Missing morning announcements

Missing morning announcements

Alicia Naranjo-Champion, News Editor

“Good morning Knights! Please stand for the flag salute. Put your right hand over your heart. Ready? Begin…” Knights stand every morning to recite the Pledge of Allegiance but once done, sit down. The sports scores, student recognitions, joke of the day, and other announcements are no longer presented at the beginning of second period.

Dr. Laura Quintana explained that “it was requested by … our teachers that we try to minimize the interruptions … and find a different way to deliver announcements.” At first, administrators decided to just shorten the announcements (they were not read every day anymore) but there were still a few complaints coming in.

“We [the administrators] decided the best way would be to send them out as an email,” Jose Gallegos said. Students and teachers can check for announcements through their school emails. Just like when they were presented during second period, the announcements sent out as emails include sports scores, student and group recognitions, upcoming events, and other general announcements.

The change has received a variety of responses from students, teachers, and administrators.

When asked whether the change was a good idea, Gallegos said “yes and no.” He explained that though it may be helping some teachers with instruction time, he “heard from a lot of students who want the announcements” that one thing they missed in particular were the student recognitions.

During the morning announcements, students were often recognized for their accomplishments in sports or academics.

“I liked it better [when the announcements were read] in the morning,” said Harshita Monga, 10.

Monga explained that when emails were sent to teachers to read the announcements, her second-period teacher wouldn’t read them. Even though only about half of her class would actually listen when the announcements were read over the intercom, Monga explained that she enjoyed hearing them.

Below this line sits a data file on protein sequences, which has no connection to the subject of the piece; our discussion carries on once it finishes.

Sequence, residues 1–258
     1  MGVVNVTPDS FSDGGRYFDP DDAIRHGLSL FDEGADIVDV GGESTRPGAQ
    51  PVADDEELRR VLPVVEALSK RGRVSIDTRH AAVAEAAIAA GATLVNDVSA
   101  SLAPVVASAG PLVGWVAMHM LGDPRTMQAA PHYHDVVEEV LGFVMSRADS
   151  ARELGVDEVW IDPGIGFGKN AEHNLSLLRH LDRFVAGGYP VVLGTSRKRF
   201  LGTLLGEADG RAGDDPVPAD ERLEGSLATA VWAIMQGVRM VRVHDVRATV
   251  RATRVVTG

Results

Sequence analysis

Muskaan Sandhu, 10, explained that the morning announcements would make her laugh. Sandhu particularly missed hearing phrases like “Gooood morning sports Knights” and the joke of the day.

Quiche Roura, history teacher said, “I’m kind of on the fence about it. The truth is I know that people don’t always pay attention to it [the morning announcements]  but … when we have something special going on I think it’s nice that everyone at least has the opportunity to hear it.”

Roura used a track athlete as an example to explain his point, “say you would have got first at a track meet or something like that, I think it’s nice to give props to people who did well rather than leave it to a teacher who may or may not read it [the email with the announcements].”

Roura suggests that if students don’t get recognition for their achievements over the intercom, they should be recognized in other ways like “putting [the students’ achievements] up on the kiosk.”

Some teachers pointed out that when the announcements were being read during second period, it took a significant amount of time out of their class time.

Shields Up, a 24 minute period right before lunch is a support class aimed to help students who are struggling in certain classes was put in place at Arroyo at the start of the 2017-2018 school year. Before it started, classes were each a few minutes longer than they are now. Second period used to be longer than every period, allotting an amount of time for the announcements to be read. To create time for Shields Up, time was pulled from each period, including the extra minutes in second period meant for the announcements.

Jennifer Daniels, chemistry teacher, explained that because all periods are now the same length, with no additional time to read announcements in second period, listening to them took away from class time.

“If they do announcements and if they do all of that including the flag salute, it takes five to ten minutes away so we wind up only having 42 minutes instead of 52 minutes and so period two gets shortened instructional time,” said Daniels.

Daniels believes that the change has been effective in making the most out of class. “We do the flag salute and get started immediately,” said Daniels.

Dr. Quintana explained that the goal was to help with instruction time. “The only way we would be able to find out if its working is if we visit the classrooms and see how teachers use instruction,” said Quintana.